Call for gay marriage to be legalized in Lesotho

KANANELO BOLOETSE

MASERU – Transformation Resource Centre (TRC) has called on government to enact laws that would allow legal marriages between same-sex couples and permit adoption and fostering of children by gay couples.

Lesotho does not recognise same-sex marriages or civil unions, nor does it ban discrimination on the basis of sexual orientation or gender identity.

Marriage in the country is governed by customary law and common law, both of which exclude same-sex marriage, although same sex activity was legalised in 2012 in Lesotho.

The common law aspect of marriage, also known as a civil marriage, is governed by the Marriage Act no. 10 of 1974.

Male same-sex activity had previously been illegal in the country as a common law offence, but had not been enforced except where it was non-consensual.

“While the constitution of Lesotho lists prohibited grounds of discrimination, the list does not include sexual orientation,” TRC said in its 2019 Shadow Report on Human Rights: Situation in the Kingdom of Lesotho Under the African Charter on Human and People’s Rights.

“Over and above this, there is also no legislative framework for protection of the rights of Lesbians, Gays, Bisexual, Transgender and Intersexed (LGBTI) people and other sexual minorities.

“This omission leads to discrimination of various forms including denial of access to healthcare services, targeted assaults by the police, non-recognition of their unions as lawful marriages and their prohibition to adopt children,” it added.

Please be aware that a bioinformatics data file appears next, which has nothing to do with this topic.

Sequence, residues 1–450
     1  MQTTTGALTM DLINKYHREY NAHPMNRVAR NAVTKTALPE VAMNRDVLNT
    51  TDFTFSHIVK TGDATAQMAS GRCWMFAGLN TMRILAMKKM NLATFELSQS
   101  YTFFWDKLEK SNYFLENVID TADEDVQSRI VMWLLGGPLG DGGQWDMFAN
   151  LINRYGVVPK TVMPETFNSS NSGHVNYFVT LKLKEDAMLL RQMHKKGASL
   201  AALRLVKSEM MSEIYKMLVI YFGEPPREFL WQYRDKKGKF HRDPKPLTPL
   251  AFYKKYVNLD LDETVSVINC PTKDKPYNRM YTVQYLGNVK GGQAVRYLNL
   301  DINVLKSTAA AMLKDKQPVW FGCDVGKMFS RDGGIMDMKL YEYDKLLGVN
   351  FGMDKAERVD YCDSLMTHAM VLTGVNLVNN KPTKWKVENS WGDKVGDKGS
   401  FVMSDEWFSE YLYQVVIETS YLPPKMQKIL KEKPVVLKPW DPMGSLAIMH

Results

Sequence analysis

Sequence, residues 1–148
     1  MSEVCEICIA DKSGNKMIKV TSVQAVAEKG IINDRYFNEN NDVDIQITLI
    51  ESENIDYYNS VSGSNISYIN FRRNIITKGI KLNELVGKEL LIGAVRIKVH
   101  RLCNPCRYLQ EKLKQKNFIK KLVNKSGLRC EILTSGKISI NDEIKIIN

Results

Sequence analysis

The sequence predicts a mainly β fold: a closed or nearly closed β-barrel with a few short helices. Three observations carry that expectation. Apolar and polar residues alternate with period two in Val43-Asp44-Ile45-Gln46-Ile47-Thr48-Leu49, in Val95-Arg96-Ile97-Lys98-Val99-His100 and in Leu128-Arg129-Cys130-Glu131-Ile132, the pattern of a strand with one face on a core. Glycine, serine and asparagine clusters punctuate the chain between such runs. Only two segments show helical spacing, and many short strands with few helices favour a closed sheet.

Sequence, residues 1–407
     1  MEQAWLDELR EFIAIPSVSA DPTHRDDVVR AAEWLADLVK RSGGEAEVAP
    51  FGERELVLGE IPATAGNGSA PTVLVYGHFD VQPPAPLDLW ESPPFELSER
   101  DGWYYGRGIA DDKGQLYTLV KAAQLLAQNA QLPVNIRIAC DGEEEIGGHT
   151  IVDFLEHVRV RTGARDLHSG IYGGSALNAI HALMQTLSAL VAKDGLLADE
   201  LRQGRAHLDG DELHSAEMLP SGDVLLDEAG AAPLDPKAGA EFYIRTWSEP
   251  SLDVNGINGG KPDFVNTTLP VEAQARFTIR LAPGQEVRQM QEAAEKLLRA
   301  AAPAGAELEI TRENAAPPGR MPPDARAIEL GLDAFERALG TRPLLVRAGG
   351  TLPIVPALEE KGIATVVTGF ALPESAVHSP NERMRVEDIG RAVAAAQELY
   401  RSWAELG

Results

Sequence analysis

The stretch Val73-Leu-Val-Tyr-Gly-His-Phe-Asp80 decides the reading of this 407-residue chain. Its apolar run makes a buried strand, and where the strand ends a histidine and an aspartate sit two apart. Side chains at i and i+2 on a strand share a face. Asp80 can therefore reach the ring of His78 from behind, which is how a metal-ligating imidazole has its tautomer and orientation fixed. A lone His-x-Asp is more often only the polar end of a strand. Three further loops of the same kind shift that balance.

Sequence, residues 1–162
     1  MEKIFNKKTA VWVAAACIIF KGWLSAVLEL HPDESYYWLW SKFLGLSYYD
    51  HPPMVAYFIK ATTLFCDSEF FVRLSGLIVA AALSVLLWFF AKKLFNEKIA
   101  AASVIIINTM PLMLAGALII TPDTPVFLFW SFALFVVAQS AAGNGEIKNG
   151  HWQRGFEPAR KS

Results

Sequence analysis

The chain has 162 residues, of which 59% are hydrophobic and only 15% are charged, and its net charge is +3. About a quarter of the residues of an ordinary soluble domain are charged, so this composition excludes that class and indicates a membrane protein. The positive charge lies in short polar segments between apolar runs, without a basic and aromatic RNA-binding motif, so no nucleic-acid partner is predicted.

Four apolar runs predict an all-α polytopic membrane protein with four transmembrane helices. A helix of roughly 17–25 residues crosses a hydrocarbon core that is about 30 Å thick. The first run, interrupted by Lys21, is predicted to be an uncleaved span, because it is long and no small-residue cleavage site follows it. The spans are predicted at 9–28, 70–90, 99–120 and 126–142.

The Child Welfare and Protection Act of 2011 governs adoptions in Lesotho and under the Act, only married couples may adopt a child jointly.

Section 55 (1) of the Act states that an application for an adoption order may be made jointly by a husband and wife.

Where an application for an adoption order is made jointly by a husband and wife, “there shall be a written proof to that effect”, the law states.

It says an adoption order may be granted to an individual person provided such a person “is above the ages of 25 years, is of good behaviour, is of proven integrity, is of sufficient means of livelihood and has no criminal record”.

The TRC report published on Monday this week, cited a raft of human rights violations in the country, proposes changes in a tranche of statutes and encourages bold decision to scrap some laws altogether.

According to the report, discrimination in accessing healthcare services has led to high prevalence of HIV and other sexually transmitted infections (STIs) amongst the LGBTI community and “spread of such in the entire country”.

It indicated that there was also discrimination against “inter-sexed children who at birth, are subjected to sex-reassigning” which leads to a number of complications at a later stage.

“Due to lack of legal protection, LGBTIs are also direct victims of domestic violence, denial of rights within their families, social exclusion and being forced into conventional marriages and initiation schools, amongst others,” it read.